First, the metaphor of “driving in reverse” refers to “working on our type” which reinforces the type. Inquiring into our type and understanding it is not the same as working on it with a goal focused on improving ourselves. In this case, the self we are trying to improve is the enneagram type, so we are basically just giving the house a new coat of paint. Delving deep into the enneagram type with open-ended curiosity will challenge our fixed, rigid beliefs and strategies. Like Carl Jung said – making the unconscious conscious.

enneagram self deceit

The Types as Teachers, Not Masters

Rather than masters that rule over us, the Enneagram types can be seen as teachers pointing out areas where we may be stuck. Each type highlights a worldview that crystallized at some point as a coping strategy but now acts as a limiting filter.

For instance, Enneagram Fours gain insight from focusing on their feelings and personal identity. But taken too far, this focus becomes self-absorption oblivious to others. Sevens provide the reminder that life is meant to be enjoyed, yet their future fixation blinds them to the gifts of the present.

These imbalances offer clues for where to focus our growth—not fixed definitions of who we are. Overidentifying with a type makes it the protagonist of our story when in truth, it is merely a supporting actor.

beyond enneagram self

The Healthy Expressions of Each Type

Growth requires moving away from the temptations and traps of our type and toward its healthy expressions instead. Rather than wallowing in psychic pain like unhealthy Fours, integrated Fours take on suffering and redeem it through working on identification, introjection, and exploring the sense of inner deficiency. Healthy Sevens enjoy the moment, recognizing their futures arise from expanding their capacity to expand the immediacy and intimacy of this moment and not distracting themselves with the “greener grass on the other hill.”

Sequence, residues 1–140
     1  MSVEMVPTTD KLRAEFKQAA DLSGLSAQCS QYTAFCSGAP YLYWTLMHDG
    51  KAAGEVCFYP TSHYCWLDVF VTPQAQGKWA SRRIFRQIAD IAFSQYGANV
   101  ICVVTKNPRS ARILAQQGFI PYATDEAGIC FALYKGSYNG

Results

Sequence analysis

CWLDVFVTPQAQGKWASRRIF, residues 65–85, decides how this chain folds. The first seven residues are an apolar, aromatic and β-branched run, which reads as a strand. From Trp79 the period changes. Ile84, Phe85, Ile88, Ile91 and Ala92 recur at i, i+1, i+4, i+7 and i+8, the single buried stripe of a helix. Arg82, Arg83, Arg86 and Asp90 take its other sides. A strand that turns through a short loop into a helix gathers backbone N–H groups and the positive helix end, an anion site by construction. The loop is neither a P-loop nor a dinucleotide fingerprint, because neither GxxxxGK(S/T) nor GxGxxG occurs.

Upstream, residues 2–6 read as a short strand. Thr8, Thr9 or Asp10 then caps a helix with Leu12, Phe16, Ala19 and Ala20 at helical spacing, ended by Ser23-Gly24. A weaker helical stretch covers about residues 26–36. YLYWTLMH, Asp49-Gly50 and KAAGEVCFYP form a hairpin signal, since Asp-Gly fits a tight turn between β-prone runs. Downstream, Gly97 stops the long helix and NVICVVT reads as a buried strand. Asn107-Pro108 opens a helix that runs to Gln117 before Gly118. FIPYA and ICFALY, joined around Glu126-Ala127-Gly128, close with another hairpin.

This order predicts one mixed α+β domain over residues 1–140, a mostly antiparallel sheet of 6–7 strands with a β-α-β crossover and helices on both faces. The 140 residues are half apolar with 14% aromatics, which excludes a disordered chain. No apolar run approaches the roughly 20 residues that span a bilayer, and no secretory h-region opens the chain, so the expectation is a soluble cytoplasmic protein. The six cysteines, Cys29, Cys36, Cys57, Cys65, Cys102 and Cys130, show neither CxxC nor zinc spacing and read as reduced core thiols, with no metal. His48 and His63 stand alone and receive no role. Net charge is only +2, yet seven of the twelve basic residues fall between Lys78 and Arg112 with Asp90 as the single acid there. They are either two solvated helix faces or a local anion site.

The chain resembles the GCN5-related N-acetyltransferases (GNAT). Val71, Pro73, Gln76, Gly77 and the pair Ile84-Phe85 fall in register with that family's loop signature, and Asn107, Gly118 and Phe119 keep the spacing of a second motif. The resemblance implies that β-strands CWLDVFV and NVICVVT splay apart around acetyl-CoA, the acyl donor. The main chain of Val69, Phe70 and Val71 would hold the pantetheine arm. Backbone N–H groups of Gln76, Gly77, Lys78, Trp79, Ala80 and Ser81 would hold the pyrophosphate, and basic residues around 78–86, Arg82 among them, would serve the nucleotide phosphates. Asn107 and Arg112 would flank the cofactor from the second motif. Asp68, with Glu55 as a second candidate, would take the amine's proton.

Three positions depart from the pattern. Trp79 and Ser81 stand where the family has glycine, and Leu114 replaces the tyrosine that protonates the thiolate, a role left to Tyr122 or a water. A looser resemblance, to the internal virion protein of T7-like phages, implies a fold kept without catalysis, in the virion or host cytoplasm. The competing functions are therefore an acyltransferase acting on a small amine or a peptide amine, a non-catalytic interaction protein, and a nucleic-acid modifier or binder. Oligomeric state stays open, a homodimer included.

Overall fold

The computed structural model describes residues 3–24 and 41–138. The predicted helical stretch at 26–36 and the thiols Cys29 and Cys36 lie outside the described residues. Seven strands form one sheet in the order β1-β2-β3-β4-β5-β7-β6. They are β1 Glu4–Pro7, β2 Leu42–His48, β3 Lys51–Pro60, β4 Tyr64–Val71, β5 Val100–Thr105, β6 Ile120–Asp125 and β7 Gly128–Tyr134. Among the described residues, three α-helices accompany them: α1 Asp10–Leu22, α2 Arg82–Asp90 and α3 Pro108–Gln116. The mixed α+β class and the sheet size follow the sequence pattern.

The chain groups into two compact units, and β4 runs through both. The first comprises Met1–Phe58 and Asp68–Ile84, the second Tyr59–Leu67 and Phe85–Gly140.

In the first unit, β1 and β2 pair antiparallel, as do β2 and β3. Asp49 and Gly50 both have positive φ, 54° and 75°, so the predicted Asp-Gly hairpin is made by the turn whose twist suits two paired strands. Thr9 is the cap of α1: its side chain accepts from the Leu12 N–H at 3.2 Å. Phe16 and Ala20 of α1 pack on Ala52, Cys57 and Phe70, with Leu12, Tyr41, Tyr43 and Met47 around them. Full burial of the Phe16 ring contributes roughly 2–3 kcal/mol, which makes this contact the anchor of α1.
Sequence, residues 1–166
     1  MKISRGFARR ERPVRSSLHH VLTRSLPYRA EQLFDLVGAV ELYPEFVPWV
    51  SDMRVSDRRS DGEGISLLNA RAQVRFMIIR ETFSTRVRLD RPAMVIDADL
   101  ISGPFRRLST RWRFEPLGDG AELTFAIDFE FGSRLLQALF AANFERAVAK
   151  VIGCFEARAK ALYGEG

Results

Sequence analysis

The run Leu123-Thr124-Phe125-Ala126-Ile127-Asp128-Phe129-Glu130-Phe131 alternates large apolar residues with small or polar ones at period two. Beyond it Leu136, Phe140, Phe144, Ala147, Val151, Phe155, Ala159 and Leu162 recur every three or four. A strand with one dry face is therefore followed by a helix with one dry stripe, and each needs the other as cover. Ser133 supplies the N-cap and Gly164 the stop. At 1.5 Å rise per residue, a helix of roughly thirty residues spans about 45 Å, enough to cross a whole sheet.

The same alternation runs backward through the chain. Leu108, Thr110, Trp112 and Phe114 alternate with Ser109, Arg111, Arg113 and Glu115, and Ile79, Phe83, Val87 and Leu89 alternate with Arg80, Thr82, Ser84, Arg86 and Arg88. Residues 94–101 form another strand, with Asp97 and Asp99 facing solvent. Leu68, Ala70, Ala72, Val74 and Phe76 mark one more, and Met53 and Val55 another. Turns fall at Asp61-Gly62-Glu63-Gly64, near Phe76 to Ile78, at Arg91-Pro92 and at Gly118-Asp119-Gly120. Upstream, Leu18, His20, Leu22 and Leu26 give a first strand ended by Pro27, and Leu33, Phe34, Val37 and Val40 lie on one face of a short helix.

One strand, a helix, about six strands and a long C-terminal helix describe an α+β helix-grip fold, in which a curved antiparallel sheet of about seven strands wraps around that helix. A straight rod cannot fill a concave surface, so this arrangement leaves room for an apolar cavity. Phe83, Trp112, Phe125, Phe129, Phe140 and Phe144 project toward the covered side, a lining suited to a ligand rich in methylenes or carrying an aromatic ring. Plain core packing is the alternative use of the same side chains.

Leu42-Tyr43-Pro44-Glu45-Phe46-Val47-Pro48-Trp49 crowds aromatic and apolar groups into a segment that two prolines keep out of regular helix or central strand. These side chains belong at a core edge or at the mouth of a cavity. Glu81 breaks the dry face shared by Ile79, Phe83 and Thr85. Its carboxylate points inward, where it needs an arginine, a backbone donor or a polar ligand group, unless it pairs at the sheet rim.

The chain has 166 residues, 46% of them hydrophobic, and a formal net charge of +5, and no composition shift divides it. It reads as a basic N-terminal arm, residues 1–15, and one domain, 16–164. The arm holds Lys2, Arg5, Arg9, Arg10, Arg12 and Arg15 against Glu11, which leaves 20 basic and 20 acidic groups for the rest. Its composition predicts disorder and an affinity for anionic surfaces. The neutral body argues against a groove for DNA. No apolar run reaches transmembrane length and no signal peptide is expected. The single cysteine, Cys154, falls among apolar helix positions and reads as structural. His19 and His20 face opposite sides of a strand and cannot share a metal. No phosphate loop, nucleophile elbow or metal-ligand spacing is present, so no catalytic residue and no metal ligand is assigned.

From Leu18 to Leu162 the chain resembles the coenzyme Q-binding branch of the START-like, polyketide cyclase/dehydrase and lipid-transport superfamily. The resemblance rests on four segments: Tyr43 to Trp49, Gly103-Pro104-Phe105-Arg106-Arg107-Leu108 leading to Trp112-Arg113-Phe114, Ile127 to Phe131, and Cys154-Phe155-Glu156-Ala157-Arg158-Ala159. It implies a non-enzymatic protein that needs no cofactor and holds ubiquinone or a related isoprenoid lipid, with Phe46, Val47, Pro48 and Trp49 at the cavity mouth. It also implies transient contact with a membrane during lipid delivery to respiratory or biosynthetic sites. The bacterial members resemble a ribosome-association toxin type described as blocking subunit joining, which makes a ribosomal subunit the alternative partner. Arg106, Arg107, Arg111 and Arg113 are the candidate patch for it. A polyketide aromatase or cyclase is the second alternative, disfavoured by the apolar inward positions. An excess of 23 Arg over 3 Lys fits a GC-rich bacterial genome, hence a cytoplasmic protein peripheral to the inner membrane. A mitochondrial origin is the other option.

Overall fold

Each type likewise contains positive qualities easy to overlook when focused only on stereotypical traits. Generous, idealistic Twos; wise, objective Fives; responsible, reliable Sixes—no single descriptor encapsulates any type. We are irreducible mysteries.

Enneagram - Character and Neurosis

Second, referencing Claudio Naranjo’s book – Character and Neurosis – he states – Truly understanding your enneagram type is all bad news. Meaning that what you are seeing is what is false in you, not the essence of what you are. The enneagram points to doors into the psyche and our conditioning that need to be opened, walked through, and confront what we believe to be true.

Self-Definition Limits Our Openness

Ultimately, rigid identification with an Enneagram type—or any typology—reflects a deeper existential anxiety. We want definitions because they promise to tell us who we are and how to live. But self-definition inherently limits rather than opens possibilities.

Once we recognize the types as useful but incomplete guides, not masters, they become allies instead of limitations. We honor our core motivations and gifts without letting them rule over other facets of ourselves waiting to be explored. Using the map as a map, not the territory, allows us to appreciate the wondrous depth within each of us.

Rather than driving in reverse, staring constantly backward, we look ahead through life’s panoramic windshield into the immediacy of this moment. The typed self gives way to the wide-open mystery of our full humanity.